It is impossible to believe that had Calvino lived to complete the series of stories, one for each of the five senses, that it would or even could have rivaled the complexity and greatness of Le cosmicomiche (1965; Cosmicomics, 1968) or Il castello dei destino incrociati (1969, 1973; The Castle of Crossed Destinies, 1977). Then again, the impossible is precisely what Calvino managed to accomplish in book after book, ceaselessly inventing—and making absurdly plausible—the most impossible ideas in the most matter-of-fact ways. The three fragments of an imagined but only partially written book, these parts of an imagined but only imperfectly imagined order, tantalize the reader with a profusion of narrative delights and tease him with their own unrealized narrative possibilities. These stories prove once again that Calvino is arguably the finest writer of the twentieth century, the maker of a fiction that manages to appear at once remarkably lucid and incredibly dense. The matter-of-factness of his narrative voice—or rather of his narrative voices (no fewer than five in these three stories)—plays against the profusion of ideas, images, and assorted narrative pleasures in stories that manage to appear philosophically rich yet playfully and exhaustively postmodern. Despite their intricate structures, they give the impression of being told intuitively, at times even naïvely, but this naïveté and this intuitiveness tease the reader with the distinct possibility that what lies ahead, beyond the frame, is nothing more and nothing less than the author’s own brilliant and endlessly inventive imagination. Calvino belongs, then, to that very small group of writers who manage to keep their reader’s attention both on the basis of ideas that are as provocative as they are farfetched and, even more, on the basis of a language framed by its own linguistic borders and possibilities. Contemplative as they almost always are, his stories come to exist as if independent of their subjects, a black hole of narrative fireworks. He deals with his subjects the way a poet deals with traditional forms such as the sonnet or villanelle, writing both within them and against them.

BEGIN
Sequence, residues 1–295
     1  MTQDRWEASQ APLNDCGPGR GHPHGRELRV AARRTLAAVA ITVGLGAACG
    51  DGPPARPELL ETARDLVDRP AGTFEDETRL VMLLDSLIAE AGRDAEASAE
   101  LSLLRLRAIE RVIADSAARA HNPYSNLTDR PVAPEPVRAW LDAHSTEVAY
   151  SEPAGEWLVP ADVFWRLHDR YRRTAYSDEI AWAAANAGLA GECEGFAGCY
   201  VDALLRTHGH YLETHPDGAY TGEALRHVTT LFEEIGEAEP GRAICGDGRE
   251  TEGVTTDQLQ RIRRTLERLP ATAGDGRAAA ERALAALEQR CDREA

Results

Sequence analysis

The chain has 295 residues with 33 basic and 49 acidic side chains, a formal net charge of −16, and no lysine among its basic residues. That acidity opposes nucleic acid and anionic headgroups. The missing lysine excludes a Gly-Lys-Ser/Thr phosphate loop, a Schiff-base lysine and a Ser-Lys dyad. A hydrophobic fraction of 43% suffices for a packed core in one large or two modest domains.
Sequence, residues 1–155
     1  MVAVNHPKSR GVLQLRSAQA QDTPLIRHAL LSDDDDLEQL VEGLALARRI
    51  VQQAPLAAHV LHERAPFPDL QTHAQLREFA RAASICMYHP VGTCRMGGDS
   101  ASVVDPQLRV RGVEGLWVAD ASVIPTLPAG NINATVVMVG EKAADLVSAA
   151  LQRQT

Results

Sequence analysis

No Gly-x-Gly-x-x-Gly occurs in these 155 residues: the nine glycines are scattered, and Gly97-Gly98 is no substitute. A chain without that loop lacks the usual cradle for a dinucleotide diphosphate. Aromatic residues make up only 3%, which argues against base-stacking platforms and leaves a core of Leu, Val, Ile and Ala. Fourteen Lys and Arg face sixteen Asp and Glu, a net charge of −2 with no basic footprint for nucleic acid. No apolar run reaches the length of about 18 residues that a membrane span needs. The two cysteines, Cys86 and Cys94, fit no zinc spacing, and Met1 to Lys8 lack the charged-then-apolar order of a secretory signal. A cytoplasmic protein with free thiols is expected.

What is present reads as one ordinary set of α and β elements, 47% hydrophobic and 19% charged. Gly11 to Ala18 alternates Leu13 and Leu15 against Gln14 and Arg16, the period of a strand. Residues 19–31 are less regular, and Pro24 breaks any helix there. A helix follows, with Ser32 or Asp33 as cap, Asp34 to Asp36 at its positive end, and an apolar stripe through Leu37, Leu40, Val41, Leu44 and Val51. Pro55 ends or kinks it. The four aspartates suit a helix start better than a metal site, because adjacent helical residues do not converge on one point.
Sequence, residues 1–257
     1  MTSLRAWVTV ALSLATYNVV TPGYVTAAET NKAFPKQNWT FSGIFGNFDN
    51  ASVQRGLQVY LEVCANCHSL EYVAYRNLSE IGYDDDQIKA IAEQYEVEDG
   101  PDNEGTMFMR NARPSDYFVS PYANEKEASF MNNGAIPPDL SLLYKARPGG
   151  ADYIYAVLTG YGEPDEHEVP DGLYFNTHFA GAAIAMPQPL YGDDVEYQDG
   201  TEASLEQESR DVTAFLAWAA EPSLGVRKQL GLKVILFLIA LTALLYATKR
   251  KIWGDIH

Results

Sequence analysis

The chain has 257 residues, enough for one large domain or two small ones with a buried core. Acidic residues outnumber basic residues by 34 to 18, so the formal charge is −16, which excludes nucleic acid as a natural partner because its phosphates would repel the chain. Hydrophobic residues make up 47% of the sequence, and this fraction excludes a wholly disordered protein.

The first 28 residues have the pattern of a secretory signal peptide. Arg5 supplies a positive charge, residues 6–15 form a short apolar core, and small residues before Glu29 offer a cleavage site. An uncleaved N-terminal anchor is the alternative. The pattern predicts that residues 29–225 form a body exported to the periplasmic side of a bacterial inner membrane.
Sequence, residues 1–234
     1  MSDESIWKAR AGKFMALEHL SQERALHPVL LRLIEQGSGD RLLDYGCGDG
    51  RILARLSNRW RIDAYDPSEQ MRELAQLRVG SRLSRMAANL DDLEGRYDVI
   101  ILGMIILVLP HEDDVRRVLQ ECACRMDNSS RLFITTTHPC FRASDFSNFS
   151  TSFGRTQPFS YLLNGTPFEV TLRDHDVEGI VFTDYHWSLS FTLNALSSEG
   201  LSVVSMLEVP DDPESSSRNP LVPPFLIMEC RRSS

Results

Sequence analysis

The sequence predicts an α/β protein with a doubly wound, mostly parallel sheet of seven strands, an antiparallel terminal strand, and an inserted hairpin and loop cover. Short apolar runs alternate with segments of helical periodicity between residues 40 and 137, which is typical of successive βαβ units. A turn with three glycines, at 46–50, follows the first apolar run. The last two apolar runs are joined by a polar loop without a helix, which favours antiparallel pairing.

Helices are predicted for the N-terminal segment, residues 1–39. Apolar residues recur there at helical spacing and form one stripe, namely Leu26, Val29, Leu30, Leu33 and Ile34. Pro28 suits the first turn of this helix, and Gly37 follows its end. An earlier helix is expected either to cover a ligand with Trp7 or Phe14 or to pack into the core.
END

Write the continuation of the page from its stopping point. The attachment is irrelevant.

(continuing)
The sense of taste, or the act of eating, provides the ostensible subject matter in the first of the three narratives. “Under the Jaguar Sun” proves to be less a story, however, than a meditative tour de force about, as well as an alternative to, that hunger or ache which the narrative posits at the very heart of human existence. This “sense of lack” arouses in reader and characters alike a host of narrative associations, obsessions, and transformations concerning Mexican food, human sacrifice, ritual cannibalism, and marriage. (The juxtaposition of these four is, in Calvino’s telling, far more logical than a bare list such as this would lead one to suspect.) The story focuses on a married couple, tourists in Mexico, and is narrated by the husband, who begins his tale with a lengthy description of a painting which, according to the Spanish caption, depicts the “extraordinary love” of a nun and her confessor. Their love, or rather the painting (with its captioned explanation), leads the narrator to feel the “consuming void” which the rest of the story attempts to depict and explain (as painting and caption) and to fill. That the love of the married couple is both ordinary and moribund soon becomes evident. They seek in exotic foods prepared according to mysterious recipes what they no longer find, or even attempt to find, in each other; unfortunately, the dishes they eat stimulate desires “that sought their satisfaction only within the very sphere of sensation that had...

(The entire section is 2533 words.)